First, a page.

Teen poets writing in a troubled city
“Poetry is a world where anything is possible.”
Those are the words of eighth grader Patty Lare, and they very well could be the motto of “InsideOut,” a Detroit literary arts program which brings professional writers into the classrooms of 27 Detroit public schools. Lare has taken the class for four years and her parents say it has given their shy child a powerful voice. The program was the brainchild of Terry Blackhawk, a poet and former teacher, who realized that poetry allowed children to express feelings they otherwise were reluctant to talk about. “We often see students who are afraid of writing. They come armed with whiteout. So we tell them over and over that there’s no right answer. What they have to say matters.”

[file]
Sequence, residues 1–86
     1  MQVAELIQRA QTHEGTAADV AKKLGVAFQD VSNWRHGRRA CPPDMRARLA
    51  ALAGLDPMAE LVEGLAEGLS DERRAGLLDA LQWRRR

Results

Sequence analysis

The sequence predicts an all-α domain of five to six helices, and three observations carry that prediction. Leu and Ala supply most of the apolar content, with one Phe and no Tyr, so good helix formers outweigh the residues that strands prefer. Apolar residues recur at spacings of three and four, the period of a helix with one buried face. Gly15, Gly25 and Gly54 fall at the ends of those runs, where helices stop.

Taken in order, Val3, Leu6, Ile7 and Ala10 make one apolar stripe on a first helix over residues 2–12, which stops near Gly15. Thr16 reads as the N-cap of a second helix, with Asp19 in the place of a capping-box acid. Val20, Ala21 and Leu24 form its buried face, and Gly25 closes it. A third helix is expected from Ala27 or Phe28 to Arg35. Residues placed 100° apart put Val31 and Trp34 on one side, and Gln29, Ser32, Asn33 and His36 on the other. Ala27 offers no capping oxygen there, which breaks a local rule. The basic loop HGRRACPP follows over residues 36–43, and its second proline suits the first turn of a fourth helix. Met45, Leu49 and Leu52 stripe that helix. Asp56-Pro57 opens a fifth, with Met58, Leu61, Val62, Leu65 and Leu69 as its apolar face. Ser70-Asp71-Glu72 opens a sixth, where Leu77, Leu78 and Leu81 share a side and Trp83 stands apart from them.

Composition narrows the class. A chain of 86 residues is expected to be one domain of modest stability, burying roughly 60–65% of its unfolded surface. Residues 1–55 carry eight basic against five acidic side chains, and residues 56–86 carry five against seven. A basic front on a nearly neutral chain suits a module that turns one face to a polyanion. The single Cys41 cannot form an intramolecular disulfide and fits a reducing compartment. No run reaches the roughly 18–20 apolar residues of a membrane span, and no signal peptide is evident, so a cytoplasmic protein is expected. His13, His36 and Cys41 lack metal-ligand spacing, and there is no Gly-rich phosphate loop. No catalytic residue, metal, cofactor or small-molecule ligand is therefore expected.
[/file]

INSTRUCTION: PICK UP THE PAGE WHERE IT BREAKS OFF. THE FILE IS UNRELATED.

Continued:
Eleven year old Ricki Porter says she likes to write down memories — whether happy, sad or embarrassing. Once, she says, she wrote a entire poem about crying on her birthday in kindergarten. Poetry let’s “somebody else know more about me.”
Funded with grants and private donations, InsideOut provides writing workshops for more than 5,000 students, both in the classroom and after school. And at the end of the year, each student is given a published book containing some of their work.
Marcus Garvey Academy principal James Hearn said he was skeptical when InsideOut initially approached him about starting classes at his school. But now he’s a convert. “This poetry really gets students truly motivated and excited. And I’m talking about my football players, my athletes, my basketball players. They want poetry,” Hearn told the NewsHour’s chief arts correspondent Jeffrey Brown.
To see excerpts from students currently in the InsideOut program, check out the slideshow below.
You can also watch chief arts correspondent Jeffrey Brown’s broadcast report on poetry in Detroit’s Inside Out program.